Book chronicles Anglican identity

Published November 1, 2007

Like young people on a quest to “find themselves,” Anglicans have long been searching for those things that set them apart from other Christians. Three years ago a working group of the General Synod’s standing committee on faith, worship and ministry said that a useful contribution to the nurturing of the Canadian Anglican community in Anglican identity would be to gather into one volume the foundational documents of our church.

Canon Kim Murray accepted the task of producing such a volume. From a Long Perspective is the result. In consists of three parts – Foundational Documents, Ecumenical Covenants, and Other Significant Agreements. The book includes texts both ancient and modern – as old as the Decalogue (the Ten Commandments) and as new as the Ecumenical Vision Statement adopted by the General Synod in 2004. Several of the foundational documents such as the Athanasian Creed, the Thirty-Nine Articles of Religion and the Catechism, although found in the 1962 Book of Common Prayer, were omitted from the Book of Alternative Services and may be unknown by a generation raised only on the BAS. And, for those not yet familiar with the BAS, Mr. Murray has included the introduction to that book.

Among the ecumenical covenants is the Waterloo Declaration, the basis of our full communion with the Evangelical Lutheran Church in Canada. Other significant documents include the apology to aboriginal Anglicans by then-primate, Archbishop Michael Peers, the covenant adopted by the Anglican Council of Indigenous Peoples and the formal acceptance of the primate’s apology expressed by Bishop Gordon Beardy at the 2004 General Synod.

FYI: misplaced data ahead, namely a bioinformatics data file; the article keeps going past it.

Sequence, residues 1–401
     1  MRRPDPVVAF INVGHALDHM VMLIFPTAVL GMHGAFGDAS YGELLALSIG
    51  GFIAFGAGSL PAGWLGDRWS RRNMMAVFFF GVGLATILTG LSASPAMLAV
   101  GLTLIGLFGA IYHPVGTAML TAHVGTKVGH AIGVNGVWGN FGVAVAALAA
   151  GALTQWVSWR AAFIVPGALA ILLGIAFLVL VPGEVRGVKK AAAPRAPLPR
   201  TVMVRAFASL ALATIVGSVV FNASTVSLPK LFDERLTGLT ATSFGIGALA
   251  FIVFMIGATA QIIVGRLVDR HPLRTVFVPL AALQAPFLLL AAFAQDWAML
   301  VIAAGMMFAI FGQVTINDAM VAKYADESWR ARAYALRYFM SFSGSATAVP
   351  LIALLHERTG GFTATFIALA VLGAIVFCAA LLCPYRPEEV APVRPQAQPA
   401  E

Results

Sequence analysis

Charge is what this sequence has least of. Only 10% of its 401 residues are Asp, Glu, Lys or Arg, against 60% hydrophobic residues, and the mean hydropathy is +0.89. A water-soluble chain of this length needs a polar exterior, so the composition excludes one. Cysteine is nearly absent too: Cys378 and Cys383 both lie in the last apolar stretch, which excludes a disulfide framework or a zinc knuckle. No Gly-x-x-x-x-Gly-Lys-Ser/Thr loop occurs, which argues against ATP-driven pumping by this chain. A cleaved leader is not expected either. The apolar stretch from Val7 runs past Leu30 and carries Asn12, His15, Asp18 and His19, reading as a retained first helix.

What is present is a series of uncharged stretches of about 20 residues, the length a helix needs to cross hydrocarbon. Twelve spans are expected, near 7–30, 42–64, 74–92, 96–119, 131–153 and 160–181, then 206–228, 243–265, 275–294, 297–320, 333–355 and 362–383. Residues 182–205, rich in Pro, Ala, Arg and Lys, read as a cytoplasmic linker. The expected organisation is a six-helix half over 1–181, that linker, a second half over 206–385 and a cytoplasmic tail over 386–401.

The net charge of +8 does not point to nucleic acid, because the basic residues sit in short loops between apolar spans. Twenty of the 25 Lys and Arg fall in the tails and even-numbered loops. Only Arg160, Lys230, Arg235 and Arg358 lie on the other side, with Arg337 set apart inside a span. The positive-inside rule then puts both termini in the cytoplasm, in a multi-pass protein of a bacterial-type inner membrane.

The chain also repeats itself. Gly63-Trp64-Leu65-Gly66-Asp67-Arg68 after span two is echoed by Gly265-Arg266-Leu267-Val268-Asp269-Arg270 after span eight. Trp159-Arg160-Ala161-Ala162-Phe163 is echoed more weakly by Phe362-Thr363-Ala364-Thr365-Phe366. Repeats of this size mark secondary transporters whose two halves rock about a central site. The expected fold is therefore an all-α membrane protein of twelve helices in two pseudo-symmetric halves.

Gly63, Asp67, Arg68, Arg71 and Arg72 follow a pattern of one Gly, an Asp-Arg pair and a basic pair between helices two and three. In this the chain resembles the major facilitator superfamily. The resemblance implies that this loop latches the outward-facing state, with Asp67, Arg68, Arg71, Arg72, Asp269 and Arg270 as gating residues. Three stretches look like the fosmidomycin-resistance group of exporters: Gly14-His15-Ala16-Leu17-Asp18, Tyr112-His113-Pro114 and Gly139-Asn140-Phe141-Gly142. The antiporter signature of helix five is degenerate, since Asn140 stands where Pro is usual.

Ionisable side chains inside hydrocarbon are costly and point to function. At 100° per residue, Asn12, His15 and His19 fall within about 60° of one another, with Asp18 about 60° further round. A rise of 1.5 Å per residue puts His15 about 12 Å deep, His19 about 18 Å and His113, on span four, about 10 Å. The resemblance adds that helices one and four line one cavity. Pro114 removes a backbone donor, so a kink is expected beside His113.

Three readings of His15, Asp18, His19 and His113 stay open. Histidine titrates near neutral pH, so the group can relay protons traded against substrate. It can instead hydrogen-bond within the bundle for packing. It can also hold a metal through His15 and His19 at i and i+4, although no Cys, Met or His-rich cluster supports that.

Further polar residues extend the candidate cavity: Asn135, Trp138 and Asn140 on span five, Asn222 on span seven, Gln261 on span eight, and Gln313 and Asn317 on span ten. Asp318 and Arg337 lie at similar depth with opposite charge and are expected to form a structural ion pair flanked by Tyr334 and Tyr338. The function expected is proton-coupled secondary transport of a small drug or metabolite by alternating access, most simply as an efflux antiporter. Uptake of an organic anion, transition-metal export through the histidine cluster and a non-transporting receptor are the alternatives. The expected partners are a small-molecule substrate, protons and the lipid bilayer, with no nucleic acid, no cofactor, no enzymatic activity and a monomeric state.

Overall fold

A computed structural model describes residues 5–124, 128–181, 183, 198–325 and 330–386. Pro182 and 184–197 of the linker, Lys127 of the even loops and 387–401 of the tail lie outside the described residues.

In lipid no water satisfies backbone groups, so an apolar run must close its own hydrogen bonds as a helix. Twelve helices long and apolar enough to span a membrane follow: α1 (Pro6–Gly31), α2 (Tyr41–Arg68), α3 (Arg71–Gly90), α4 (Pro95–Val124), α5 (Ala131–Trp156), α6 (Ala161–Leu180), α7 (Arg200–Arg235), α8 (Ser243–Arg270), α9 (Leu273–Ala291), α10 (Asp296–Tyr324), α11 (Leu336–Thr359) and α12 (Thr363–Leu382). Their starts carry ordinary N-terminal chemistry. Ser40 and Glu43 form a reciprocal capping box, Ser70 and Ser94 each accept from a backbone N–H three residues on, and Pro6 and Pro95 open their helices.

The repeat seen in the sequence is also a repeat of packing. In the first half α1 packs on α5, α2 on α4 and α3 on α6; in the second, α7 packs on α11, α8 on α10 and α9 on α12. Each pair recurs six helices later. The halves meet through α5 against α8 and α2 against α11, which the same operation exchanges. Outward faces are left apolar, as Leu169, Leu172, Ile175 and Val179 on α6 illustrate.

From a Long Perspective is more than a reference work. The documents are accompanied by Canon Murray’s lucid and incisive commentaries about their history and significance. His commentary on the Thirty-Nine Articles, for instance, traces the development of the Articles over four decades in the 16th century and considers the extent to which they may be authoritative today. The origins of the three creeds are recounted and he explains why the filioque clause is omitted from modern English versions of the Nicene Creed.

There are some factual errors. For example, the year of birth of the United Church of Canada is given as 1929 rather than 1925. And the late Stuart Ryan, long time chancellor of the diocese of Ontario and General Synod member, is described as a past chancellor of the General Synod, a position that, regrettably, Professor Ryan never held. Such minor errors in no way detract from the overall merits of the book. A valuable reference resource, it will also be useful for study groups and includes a series of questions for discussion prepared by noted theologian and educator Patricia Bays.

Ronald C. Stevenson is the chancellor (legal adviser) of General Synod.


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